Since Valve changed the privacy settings for Steam in accordance with GDPR, SteamSpy has had a tough time showing accurate figures for games purchased and owned on Steam. The change means that profiles now default to having a private library, and most users will never change this to public which means that SteamSpy has no way of obtaining the information it needs.
However, Valve has hinted that they’re looking at releasing something better. During the Russian White Nights game industry conference Jan-Peter Ewert, Head of Business Development for Valve, spoke about the issue. Ewert was prompted by a question from Michael Kuzmin, an independent developer.
Ewert said that Valve has a policy of providing very open APIs in order to allow the community to create the tools they want and need if Valve aren’t providing them already, or an alternative source is required. He said that SteamSpy was one of these tools, but that it was very accurate with some games and incredibly inaccurate with others, meaning there’s room for improvement.
He went on to say that because SteamSpy wa such a useful tool Valve are looking into new ways of providing data that the community wants and needs without the inaccuracies. They are aiming to provide even more data than SteamSpy originally offered, and work on even more.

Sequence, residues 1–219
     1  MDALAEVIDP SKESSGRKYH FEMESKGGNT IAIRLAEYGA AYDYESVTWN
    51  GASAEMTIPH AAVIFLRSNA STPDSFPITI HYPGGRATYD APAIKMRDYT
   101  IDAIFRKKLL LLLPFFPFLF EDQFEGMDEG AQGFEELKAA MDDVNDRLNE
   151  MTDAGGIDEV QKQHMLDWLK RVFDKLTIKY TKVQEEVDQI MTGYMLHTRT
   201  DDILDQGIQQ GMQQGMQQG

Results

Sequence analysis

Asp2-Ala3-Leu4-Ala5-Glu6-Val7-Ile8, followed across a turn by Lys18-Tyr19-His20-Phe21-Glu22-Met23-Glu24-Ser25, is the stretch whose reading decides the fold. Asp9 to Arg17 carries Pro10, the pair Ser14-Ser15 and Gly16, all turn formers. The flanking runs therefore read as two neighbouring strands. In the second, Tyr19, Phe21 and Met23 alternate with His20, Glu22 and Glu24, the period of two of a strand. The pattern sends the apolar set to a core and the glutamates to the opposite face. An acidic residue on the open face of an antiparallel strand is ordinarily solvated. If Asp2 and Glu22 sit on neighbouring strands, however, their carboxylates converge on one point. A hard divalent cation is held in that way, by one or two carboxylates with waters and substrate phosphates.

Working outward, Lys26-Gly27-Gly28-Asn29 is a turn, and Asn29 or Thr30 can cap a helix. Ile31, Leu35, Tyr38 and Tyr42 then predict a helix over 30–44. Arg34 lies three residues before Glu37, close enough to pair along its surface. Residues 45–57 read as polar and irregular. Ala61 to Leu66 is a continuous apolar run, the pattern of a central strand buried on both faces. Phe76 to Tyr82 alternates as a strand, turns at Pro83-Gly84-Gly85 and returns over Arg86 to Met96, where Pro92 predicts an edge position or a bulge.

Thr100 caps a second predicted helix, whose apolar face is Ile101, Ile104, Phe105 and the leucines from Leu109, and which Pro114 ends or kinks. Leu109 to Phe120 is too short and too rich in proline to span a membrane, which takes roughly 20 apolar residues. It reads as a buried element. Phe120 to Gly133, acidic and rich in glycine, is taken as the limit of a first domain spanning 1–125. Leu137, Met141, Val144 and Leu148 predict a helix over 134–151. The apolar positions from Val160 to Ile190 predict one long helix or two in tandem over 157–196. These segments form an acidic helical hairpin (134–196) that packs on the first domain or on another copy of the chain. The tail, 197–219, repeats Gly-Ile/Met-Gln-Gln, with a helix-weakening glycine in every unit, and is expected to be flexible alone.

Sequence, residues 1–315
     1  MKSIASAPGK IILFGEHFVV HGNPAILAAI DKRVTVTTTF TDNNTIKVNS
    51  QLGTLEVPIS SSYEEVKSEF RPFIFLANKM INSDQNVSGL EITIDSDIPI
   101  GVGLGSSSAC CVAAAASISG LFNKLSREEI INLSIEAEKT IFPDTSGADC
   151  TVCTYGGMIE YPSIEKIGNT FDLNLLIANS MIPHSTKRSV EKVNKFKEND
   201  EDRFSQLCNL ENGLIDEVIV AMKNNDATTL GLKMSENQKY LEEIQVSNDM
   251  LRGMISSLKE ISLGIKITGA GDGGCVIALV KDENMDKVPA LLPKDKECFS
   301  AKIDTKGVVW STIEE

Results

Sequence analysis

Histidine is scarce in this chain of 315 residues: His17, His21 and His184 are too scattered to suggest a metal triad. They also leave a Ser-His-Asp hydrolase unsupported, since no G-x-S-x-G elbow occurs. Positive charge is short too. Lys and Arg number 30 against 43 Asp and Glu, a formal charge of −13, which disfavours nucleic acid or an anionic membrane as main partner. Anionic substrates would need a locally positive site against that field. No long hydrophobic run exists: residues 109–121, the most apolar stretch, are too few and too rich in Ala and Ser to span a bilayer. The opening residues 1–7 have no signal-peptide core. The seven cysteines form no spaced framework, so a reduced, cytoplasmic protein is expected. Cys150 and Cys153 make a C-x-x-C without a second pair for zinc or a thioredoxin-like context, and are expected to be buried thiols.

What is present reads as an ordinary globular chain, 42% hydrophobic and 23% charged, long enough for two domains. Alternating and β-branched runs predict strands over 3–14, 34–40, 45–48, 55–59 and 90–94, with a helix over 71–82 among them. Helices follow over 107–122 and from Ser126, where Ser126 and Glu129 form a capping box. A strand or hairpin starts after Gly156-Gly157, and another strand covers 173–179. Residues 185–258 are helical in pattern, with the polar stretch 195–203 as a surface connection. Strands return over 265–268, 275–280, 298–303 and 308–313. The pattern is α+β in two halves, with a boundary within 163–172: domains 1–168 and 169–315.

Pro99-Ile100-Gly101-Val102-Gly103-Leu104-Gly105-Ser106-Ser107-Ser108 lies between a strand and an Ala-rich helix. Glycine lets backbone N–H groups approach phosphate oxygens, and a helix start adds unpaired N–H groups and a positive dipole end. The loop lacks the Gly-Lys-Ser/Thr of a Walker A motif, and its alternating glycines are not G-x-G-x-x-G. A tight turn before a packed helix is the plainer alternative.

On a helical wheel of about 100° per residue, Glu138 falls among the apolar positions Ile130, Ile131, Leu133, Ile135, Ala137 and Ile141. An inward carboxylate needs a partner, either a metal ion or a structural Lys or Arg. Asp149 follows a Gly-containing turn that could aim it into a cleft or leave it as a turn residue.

SteamSpy was an incredibly useful tool to the industry and individual independent developers. It allowed users on forums to argue their cases with real raw data to back up whatever point they were driving home, and gave industry press an in-depth view of a game’s performance. Perhaps most important of all, SteamSpy allowed independent developers to see which games were performing well, giving them the ability to implement features from other games that might help them sell theirs better.
SteamSpy also provided an insight into one of the industry’s largest sales platforms, adding a layer of transparency that removed the ambiguity that surrounds platforms like the Playstation Store. The sooner Valve get their SteamSpy alternative up and running, the sooner the community will begin to feel respected and involved again.